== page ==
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Greenhouse Effect Feature Summary

From Physics Research
Greenhouse Effect
This is the famous "Keeling curve" of carbon dioxide concentration in the atmosphere versus time, from about 1958 to about 2007, measured in Hawaii. Notice that the rate of warming (indicated by the slope of the blue line) increases slowly but steadily over time.

Carbon dioxide is an important greenhouse gas. Greenhouse gases absorb the infrared radiation given off by Earth. This absorbed radiation is promptly re-emitted in all directions; much of it returns to Earth, raising the temperature of its surface by a substantial 33°C.

Carbon dioxide is produced by burning fossil fuels. As more countries industrialize, the use of fossil fuels increases, as does the amount of carbon dioxide in the atmosphere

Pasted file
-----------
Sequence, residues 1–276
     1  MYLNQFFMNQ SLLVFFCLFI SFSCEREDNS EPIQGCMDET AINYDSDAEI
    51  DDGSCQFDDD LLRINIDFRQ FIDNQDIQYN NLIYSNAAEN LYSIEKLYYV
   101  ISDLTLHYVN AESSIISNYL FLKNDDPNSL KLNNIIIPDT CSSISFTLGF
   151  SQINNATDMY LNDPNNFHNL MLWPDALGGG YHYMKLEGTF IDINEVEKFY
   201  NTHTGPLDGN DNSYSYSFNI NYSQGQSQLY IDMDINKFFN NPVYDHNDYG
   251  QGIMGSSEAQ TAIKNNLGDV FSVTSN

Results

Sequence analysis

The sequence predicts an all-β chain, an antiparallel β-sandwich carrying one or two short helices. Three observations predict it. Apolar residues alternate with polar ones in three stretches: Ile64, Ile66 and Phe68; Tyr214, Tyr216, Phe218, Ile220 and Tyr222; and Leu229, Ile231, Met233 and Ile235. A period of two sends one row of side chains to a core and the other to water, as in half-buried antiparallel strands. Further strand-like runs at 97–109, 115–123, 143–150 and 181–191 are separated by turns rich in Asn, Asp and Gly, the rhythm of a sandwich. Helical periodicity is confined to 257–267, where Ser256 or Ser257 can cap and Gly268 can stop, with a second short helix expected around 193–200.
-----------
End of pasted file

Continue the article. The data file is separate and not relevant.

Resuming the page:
The inset in the graph shows the annual cycle: For six months, plant photosynthesis absorbs carbon dioxide from the atmosphere, and the curve goes down; then, for the next six months, the decay of dead plants returns carbon dioxide to the atmosphere, and the curve goes up.

To learn more, visit Greenhouse Effect and also this UCAR page.
image credit: Robert Rhode (Wikimedia Commons); <a href="" target="_blank">image source</a>; <a href=" curve large.png" target="_blank">larger image</a>
image credit: Robert Rhode (Wikimedia Commons); image source; larger image
Image URL: curve large.png
May 1, 2013 - May 16, 2013